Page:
Revalidation is the process by which licensed doctors demonstrate to the General Medical Council (GMC) that they are up-to-date and fit to practice. The cornerstone of the revalidation process is that doctors participate in a regular (normally annual) full scope of work review – their annual medical appraisal.
For doctors in postgraduate training, the full scope of work review is conducted through the Annual Review of Competency Progression (ARCP) process. Under the legislation the Medical Profession RO Regulations 2010 and 2013, all medical practitioners holding a licence to practice are required to connect to the GMC through their Responsible Officer (RO). For doctors in postgraduate training, their RO is their Postgraduate Dean.
For doctors who are not on a training programme including those who are between training programmes e.g. a doctor undertaking a trust grade role between core and higher training, they need to establish a prescribed connection with the most appropriate Designated Body.
This is likely to be their main employer for their clinical practice. Online resources to help identify your designated body can be found on the GMC website.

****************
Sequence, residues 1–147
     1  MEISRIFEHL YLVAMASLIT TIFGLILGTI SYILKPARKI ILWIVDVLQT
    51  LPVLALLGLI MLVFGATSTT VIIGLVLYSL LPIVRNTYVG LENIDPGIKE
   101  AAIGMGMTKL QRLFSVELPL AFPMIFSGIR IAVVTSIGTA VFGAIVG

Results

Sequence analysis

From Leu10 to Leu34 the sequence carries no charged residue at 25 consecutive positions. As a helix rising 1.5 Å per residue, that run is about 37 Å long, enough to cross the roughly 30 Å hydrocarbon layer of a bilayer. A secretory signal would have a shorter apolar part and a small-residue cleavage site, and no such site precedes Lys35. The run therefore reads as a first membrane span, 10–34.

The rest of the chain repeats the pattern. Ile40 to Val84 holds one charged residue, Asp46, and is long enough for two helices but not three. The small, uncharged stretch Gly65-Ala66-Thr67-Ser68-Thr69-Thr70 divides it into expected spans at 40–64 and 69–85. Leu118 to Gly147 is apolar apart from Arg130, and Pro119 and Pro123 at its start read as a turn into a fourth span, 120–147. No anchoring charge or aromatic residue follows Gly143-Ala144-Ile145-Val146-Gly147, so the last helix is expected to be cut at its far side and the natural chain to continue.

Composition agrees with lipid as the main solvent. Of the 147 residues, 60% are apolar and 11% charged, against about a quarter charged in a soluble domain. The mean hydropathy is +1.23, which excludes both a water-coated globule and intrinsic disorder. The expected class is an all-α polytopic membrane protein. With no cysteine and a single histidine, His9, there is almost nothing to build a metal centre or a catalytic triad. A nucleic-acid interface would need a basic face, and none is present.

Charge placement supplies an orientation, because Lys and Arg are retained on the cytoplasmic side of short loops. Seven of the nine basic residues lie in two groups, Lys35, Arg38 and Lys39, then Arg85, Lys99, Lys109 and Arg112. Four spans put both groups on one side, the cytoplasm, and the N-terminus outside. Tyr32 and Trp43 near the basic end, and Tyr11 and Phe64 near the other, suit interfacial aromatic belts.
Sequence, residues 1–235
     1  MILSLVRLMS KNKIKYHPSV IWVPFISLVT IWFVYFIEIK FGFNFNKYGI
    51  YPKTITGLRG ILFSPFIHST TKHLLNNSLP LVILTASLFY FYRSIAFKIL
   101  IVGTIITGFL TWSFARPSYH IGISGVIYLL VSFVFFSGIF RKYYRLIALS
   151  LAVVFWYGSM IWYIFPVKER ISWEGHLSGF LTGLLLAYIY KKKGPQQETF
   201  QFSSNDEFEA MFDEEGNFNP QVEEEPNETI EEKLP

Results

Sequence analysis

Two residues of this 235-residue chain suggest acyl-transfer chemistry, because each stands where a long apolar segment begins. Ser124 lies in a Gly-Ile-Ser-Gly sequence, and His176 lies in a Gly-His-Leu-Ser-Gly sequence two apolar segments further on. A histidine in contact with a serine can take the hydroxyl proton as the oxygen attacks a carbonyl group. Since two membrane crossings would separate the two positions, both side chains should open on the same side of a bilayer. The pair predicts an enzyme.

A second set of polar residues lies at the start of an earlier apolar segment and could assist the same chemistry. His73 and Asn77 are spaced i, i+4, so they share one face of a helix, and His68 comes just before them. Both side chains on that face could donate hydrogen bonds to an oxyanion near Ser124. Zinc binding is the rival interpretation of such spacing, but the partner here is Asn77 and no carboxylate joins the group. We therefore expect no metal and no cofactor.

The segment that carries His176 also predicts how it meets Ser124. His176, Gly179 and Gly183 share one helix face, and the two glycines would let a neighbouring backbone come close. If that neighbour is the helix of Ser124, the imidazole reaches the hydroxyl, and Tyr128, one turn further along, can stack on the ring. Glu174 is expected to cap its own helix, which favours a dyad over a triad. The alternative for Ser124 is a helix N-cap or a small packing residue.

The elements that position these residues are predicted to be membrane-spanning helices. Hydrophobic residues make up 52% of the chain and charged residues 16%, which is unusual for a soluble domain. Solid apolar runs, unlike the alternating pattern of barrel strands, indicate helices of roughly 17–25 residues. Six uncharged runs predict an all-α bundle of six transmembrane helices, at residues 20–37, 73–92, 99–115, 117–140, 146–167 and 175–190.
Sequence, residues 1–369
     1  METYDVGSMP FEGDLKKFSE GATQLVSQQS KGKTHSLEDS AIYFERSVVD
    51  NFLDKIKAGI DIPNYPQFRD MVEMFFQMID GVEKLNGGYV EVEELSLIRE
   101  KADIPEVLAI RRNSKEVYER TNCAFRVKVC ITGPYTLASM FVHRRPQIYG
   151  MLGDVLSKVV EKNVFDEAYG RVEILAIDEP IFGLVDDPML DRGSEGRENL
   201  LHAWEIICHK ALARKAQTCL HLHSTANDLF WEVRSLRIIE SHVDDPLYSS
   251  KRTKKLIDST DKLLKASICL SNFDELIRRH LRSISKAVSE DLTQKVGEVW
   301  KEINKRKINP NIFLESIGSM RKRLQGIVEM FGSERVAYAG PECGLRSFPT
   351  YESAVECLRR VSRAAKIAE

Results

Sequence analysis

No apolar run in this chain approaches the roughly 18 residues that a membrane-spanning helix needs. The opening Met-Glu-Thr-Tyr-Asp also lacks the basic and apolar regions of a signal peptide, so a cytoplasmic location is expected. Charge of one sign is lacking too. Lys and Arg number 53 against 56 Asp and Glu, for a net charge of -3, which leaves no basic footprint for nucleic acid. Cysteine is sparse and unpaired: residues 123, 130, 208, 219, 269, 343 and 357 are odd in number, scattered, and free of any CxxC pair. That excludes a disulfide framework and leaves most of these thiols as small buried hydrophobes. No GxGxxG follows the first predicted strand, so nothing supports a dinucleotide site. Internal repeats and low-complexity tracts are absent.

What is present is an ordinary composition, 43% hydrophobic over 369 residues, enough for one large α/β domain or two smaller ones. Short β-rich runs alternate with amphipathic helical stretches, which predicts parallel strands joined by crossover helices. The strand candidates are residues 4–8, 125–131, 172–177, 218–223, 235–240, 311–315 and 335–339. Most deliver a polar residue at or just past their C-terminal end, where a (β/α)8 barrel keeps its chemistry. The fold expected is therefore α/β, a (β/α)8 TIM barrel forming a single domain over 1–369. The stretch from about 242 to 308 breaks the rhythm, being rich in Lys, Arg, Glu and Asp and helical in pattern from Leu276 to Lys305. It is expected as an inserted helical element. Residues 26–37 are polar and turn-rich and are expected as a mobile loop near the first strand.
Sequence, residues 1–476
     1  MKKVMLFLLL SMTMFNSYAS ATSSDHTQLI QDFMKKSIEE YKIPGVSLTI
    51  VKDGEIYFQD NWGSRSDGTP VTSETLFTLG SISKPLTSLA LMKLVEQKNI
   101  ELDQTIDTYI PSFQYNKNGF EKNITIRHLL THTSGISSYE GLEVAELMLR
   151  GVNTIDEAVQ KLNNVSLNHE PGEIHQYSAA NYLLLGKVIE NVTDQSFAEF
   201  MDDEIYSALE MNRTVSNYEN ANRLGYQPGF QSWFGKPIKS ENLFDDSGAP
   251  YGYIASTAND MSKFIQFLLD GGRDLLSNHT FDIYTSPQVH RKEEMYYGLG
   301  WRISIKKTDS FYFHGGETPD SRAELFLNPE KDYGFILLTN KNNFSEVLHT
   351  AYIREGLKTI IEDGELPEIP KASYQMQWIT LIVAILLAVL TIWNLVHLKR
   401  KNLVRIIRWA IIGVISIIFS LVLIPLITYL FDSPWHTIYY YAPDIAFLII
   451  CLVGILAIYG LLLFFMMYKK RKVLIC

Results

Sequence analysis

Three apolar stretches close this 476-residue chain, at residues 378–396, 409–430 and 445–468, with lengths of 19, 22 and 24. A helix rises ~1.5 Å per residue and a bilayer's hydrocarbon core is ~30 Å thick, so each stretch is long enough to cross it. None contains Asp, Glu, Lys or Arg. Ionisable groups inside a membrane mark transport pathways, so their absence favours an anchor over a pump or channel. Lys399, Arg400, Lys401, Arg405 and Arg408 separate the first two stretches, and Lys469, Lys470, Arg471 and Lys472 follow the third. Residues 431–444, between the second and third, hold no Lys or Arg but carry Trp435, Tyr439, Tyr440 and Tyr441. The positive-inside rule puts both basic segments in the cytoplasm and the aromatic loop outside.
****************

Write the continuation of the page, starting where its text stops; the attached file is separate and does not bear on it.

As a doctor in training you will already be collecting the necessary information through the requirements of your curriculum and training programme.
Your ARCP provides the assurance process, which is why you are asked to provide details of your full scope of work on your form R.
If you are undertaking work outside of your training programme for which you need a licence to practice, you need to ensure you your educational supervisor is aware of what you are undertaking and declare it on your form R.
Your Postgraduate Dean acting as your Responsible Officer will make a revalidation recommendation to the GMC based primarily on the information you have submitted through ARCP.
Further information about how that recommendation is made can be found on The Conference of Postgraduate Medical Deans (COPMED) website.
The Conference of Postgraduate Medical Deans (COPMED) has published UK-wide policies to support the delivery of revalidation for doctors in postgraduate training.